Oct 18, 2023 - News

Philadelphia unveils new exhibit about 1985 MOVE bombing

Images seen inside the MOVE bombing exhibit in Philadelphia's Municipal Services Building

Images seen inside the MOVE bombing exhibit in Philadelphia's Municipal Services Building. Photo: Mike D'Onofrio/Axios

Philadelphia officials unveiled the city's first and only permanent exhibit dedicated to the 1985 MOVE bombing on Tuesday.

Why it matters: The exhibit is the latest example of the city's reexamination of the bombing — one of the most divisive events in Philadelphia's recent history — since the 2020 racial justice protests.

What's happening: The exhibit, "Remembering MOVE: May 13, 1985," is now located inside the Municipal Services Building beside City Hall.

  • It's made up of a pair of display cases that hold more than 120 documents, including photos, a video, and a timeline of how the bombing unfolded.

Catch up quick: Hundreds of police officers laid siege to the West Philly home of Black liberation group MOVE in 1985, following a violent confrontation between cops and members of the organization.

  • Despite knowing there were children inside, police dropped a bomb on the house — with approval from city officials — and allowed the resulting blaze to burn out of control.
  • The fire killed 11 people, including five children, and destroyed more than 60 homes in the Cobbs Creek neighborhood.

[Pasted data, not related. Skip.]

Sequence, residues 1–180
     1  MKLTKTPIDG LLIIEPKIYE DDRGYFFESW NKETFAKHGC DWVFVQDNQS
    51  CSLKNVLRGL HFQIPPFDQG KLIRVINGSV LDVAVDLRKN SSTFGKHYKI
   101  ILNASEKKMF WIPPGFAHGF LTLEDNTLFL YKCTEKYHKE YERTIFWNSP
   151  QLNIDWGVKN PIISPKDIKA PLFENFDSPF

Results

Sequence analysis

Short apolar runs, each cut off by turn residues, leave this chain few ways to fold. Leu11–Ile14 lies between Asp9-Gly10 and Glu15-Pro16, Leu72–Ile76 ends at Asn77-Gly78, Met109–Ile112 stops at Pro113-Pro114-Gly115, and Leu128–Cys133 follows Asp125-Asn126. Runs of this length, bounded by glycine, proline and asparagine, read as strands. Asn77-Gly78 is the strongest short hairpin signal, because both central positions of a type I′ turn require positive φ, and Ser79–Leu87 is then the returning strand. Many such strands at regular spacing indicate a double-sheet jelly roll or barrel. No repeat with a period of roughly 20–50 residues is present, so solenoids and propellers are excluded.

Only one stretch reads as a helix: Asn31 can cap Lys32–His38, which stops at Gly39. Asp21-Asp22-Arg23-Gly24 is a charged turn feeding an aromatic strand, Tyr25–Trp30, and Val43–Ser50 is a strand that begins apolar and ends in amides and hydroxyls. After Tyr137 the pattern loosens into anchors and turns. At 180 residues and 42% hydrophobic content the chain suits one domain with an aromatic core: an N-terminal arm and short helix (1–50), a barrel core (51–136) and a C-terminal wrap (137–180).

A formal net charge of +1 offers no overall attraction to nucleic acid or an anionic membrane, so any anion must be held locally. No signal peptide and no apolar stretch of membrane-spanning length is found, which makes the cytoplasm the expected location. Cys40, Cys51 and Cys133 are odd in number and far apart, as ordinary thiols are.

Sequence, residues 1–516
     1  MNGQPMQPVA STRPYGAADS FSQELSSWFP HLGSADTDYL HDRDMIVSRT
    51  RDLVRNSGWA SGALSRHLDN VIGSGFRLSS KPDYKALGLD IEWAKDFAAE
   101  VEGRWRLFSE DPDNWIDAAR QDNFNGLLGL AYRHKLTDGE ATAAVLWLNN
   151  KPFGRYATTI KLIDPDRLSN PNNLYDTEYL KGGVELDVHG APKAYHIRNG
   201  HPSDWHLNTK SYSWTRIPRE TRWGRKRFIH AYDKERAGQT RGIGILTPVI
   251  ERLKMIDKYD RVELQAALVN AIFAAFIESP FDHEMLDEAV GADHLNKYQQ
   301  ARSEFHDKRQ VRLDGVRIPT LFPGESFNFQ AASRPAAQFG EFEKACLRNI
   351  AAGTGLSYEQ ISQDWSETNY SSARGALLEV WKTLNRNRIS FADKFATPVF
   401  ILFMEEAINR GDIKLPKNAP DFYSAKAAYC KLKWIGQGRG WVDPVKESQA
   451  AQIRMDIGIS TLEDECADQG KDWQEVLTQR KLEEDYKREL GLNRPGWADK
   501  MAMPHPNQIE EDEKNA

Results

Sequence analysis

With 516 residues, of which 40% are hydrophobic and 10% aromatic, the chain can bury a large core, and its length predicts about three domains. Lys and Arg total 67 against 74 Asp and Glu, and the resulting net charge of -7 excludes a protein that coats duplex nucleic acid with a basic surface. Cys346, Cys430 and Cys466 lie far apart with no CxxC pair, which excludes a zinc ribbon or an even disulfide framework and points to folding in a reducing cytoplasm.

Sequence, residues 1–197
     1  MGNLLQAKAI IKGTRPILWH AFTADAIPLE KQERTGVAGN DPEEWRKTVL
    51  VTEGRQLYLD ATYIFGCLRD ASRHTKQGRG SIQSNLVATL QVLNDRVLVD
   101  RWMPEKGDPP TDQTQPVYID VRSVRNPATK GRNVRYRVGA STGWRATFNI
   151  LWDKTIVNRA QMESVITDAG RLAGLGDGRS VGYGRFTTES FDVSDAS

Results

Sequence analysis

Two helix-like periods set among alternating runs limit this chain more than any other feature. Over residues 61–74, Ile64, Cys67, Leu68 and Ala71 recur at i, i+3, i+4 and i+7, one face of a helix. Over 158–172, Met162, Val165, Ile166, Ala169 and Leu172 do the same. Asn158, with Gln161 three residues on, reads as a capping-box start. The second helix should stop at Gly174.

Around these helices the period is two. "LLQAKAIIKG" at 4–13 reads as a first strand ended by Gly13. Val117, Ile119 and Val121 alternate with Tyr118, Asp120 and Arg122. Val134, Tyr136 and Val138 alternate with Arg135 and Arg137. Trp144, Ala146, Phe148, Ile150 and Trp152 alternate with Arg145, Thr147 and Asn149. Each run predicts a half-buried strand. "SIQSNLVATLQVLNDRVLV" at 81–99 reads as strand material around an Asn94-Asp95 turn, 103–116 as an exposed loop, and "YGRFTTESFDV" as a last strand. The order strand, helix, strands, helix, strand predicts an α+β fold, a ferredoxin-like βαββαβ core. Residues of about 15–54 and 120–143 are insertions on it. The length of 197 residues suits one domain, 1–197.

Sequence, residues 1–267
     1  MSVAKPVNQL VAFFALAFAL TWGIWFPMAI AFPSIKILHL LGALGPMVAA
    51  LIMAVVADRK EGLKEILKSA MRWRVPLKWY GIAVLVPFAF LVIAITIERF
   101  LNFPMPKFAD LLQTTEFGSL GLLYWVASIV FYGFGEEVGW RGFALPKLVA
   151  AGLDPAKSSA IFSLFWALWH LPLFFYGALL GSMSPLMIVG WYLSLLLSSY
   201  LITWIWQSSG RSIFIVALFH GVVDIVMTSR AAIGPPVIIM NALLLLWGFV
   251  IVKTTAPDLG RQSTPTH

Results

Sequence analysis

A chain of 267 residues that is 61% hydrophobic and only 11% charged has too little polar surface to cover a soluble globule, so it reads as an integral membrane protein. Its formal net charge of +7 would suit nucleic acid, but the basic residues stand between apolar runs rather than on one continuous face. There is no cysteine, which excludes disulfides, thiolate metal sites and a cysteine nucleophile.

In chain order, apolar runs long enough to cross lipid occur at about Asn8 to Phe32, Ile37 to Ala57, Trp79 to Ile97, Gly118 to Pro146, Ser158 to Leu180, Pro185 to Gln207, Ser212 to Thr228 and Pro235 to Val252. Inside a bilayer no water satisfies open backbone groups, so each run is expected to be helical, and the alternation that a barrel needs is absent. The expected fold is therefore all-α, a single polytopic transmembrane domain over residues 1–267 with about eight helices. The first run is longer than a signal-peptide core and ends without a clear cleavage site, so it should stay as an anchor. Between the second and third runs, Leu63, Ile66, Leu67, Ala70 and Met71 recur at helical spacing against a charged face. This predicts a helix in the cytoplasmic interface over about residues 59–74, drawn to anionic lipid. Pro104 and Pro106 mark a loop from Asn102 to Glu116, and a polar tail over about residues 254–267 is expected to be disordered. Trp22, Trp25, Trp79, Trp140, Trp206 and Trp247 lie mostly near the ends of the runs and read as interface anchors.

• In late 2020, City Council voted to formally apologize for the bombing for the first time — 35 years after the fact — and establish a day of remembrance.

What they're saying: The exhibit increases the visibility of the bombing to ensure it never happens again, Mike Africa Jr., a member of MOVE, tells Axios.

  • "If people don't know this thing happened, if people don't know the magnitude, if people don't understand people were murdered … [then] history is doomed to repeat itself," he said.

Between the lines: The installation of the exhibit stems from an independent report last year looking into the MOVE bombing and handling of victims' remains.

  • That report was part of the fallout after a former city health commissioner directed the medical examiner's office to destroy remains associated with the MOVE bombing that were still in the city's possession in 2017. That order was not carried out.
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